Organizing A Proper Outline For A Research Paper About The Death Penalty And/Or Capital Punishment
Most essays students are assigned follow one of two general structures: an informative essay structure or a persuasive/ argumentative structure.
An informative essay on the death penalty could be one that is informative. For example, you might tell us something that informs us about all the states that have the death penalty, or something about how many states still use certain forms of capital punishment. You might also tell us about how many states still use very violent forms of execution, such as firing squads and the electric chair.
An informative essay on the death penalty and/or capital punishment would be organized like this:
- Introduction-here you use something that immediately grabs the readers attention and follows with equally interesting / dramatic sentences that lure your reader in and make them want to read more. This would be especially easy with the death penalty. Your first sentence could go something like this: Do you know how many states still use the gruesome form of capital punishment known as the electric chair. With this form of the death penalty, the offender is shocked by volts of electricity that . . .
- Your thesis statement (which often is placed after four to five introductory sentences that lead to it at the end of paragraph one). Example thesis statements for an informative essay on the death penalty might go “In this essay, I’m going to discuss methods of executing prisoners that need to be abolished because of their gruesome methods.”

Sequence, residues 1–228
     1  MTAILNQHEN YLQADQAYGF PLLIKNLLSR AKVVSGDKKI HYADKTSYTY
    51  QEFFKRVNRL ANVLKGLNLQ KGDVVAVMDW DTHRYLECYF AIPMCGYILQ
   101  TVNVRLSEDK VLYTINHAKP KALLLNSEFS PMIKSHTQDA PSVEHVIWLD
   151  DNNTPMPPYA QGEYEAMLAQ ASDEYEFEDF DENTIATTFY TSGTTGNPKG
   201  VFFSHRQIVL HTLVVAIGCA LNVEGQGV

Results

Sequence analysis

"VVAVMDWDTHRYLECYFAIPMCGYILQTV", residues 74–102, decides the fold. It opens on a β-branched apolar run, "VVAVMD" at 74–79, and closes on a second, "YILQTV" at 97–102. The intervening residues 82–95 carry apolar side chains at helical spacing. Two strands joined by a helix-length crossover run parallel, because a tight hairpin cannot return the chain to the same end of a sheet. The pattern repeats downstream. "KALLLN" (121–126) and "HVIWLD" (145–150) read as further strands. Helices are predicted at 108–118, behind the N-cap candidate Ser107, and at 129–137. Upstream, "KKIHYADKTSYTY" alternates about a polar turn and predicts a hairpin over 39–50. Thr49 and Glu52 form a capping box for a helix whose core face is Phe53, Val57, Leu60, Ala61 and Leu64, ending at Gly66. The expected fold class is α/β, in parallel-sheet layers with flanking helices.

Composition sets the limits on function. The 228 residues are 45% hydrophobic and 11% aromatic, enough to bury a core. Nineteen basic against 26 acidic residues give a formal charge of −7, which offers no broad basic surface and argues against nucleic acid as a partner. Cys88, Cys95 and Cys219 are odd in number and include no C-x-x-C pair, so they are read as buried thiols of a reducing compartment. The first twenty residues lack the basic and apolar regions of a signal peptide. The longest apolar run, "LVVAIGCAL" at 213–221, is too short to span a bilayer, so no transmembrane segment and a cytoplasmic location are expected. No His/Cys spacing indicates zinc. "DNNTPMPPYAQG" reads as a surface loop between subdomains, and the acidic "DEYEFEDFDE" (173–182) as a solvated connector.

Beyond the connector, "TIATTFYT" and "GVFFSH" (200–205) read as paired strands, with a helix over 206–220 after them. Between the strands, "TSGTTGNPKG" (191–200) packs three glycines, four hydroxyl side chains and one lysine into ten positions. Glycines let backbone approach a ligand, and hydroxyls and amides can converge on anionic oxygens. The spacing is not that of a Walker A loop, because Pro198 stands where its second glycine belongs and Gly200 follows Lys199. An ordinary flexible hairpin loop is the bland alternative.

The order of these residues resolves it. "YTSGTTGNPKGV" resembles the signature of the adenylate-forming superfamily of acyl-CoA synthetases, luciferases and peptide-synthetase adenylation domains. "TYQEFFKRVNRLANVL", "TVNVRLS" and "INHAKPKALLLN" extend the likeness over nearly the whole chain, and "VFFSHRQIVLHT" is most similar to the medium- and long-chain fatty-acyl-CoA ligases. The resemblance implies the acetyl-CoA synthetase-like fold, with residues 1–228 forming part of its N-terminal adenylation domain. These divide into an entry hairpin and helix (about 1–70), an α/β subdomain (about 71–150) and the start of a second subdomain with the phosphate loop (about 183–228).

- Body paragraphs which make your points in the topic sentences and then back them up with solid evidence from researchers.
- Closing paragraph. A good way to begin these and move to a great close is to bring your essay into the very present moment of the topic. “Recently, for example, one prisoner who was being executed.” Or perhaps widen the scope—Other countries other than America often have even more gruesome forms . . . Or point to a country that doesn’t have such measures, perhaps, suggesting that we could model ourselves after them.
Argumentative Essays differ only in some respects. You argue something specific, like the death penalty should be abolished. You are seeking to change your reader’s mind. And before moving to your final paragraph, you must acknowledge and debunk the opposing side’s major argument against y